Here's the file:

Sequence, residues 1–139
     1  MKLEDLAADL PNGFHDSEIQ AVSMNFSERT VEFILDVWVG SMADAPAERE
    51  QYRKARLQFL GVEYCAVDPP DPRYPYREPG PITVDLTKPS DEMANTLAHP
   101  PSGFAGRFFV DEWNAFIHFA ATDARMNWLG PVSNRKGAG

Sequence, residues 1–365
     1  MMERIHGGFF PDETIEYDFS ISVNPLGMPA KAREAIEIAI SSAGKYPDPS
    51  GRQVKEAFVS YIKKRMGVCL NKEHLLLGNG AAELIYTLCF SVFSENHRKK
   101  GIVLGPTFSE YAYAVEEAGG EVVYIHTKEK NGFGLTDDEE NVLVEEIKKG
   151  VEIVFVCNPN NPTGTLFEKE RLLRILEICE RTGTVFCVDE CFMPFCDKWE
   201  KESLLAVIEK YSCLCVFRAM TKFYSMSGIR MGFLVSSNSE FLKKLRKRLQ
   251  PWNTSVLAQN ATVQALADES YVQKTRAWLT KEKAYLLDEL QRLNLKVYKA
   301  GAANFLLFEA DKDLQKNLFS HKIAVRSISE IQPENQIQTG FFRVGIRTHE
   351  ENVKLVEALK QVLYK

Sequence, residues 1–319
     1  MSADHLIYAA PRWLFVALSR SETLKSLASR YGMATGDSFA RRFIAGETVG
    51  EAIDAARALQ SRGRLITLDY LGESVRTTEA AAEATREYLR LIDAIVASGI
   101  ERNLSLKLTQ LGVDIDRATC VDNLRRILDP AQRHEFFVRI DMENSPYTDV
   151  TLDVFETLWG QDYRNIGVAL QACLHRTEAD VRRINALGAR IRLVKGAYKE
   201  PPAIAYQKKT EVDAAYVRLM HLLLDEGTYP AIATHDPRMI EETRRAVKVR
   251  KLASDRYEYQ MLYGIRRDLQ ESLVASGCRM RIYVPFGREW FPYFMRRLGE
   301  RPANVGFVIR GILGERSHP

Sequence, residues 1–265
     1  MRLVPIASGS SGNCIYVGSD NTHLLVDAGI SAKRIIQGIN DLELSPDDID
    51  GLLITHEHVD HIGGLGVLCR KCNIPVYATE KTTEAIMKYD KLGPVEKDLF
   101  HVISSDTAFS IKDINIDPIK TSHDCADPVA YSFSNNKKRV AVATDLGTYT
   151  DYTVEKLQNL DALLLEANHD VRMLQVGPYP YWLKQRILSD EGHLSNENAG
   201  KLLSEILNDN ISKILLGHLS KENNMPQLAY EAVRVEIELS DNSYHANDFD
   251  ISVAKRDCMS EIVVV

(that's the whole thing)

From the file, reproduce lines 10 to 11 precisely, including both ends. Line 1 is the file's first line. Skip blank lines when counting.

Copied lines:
   201  KESLLAVIEK YSCLCVFRAM TKFYSMSGIR MGFLVSSNSE FLKKLRKRLQ
   251  PWNTSVLAQN ATVQALADES YVQKTRAWLT KEKAYLLDEL QRLNLKVYKA